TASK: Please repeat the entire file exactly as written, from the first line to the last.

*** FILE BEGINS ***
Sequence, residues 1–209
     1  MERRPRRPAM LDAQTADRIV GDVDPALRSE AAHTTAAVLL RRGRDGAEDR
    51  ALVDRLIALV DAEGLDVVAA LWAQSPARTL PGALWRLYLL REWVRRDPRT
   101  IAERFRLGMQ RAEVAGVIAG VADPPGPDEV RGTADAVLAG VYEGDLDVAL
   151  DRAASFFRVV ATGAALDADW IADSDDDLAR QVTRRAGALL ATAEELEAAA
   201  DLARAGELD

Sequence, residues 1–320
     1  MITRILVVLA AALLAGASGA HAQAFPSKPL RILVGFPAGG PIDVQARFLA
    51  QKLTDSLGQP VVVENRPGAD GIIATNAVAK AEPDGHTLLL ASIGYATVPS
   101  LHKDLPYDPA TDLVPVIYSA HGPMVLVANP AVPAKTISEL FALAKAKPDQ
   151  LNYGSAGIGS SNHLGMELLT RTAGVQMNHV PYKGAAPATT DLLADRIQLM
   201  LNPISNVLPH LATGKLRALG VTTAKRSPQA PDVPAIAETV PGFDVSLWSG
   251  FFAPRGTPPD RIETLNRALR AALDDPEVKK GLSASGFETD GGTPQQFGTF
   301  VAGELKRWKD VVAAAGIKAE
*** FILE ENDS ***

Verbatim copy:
Sequence, residues 1–209
     1  MERRPRRPAM LDAQTADRIV GDVDPALRSE AAHTTAAVLL RRGRDGAEDR
    51  ALVDRLIALV DAEGLDVVAA LWAQSPARTL PGALWRLYLL REWVRRDPRT
   101  IAERFRLGMQ RAEVAGVIAG VADPPGPDEV RGTADAVLAG VYEGDLDVAL
   151  DRAASFFRVV ATGAALDADW IADSDDDLAR QVTRRAGALL ATAEELEAAA
   201  DLARAGELD

Sequence, residues 1–320
     1  MITRILVVLA AALLAGASGA HAQAFPSKPL RILVGFPAGG PIDVQARFLA
    51  QKLTDSLGQP VVVENRPGAD GIIATNAVAK AEPDGHTLLL ASIGYATVPS
   101  LHKDLPYDPA TDLVPVIYSA HGPMVLVANP AVPAKTISEL FALAKAKPDQ
   151  LNYGSAGIGS SNHLGMELLT RTAGVQMNHV PYKGAAPATT DLLADRIQLM
   201  LNPISNVLPH LATGKLRALG VTTAKRSPQA PDVPAIAETV PGFDVSLWSG
   251  FFAPRGTPPD RIETLNRALR AALDDPEVKK GLSASGFETD GGTPQQFGTF
   301  VAGELKRWKD VVAAAGIKAE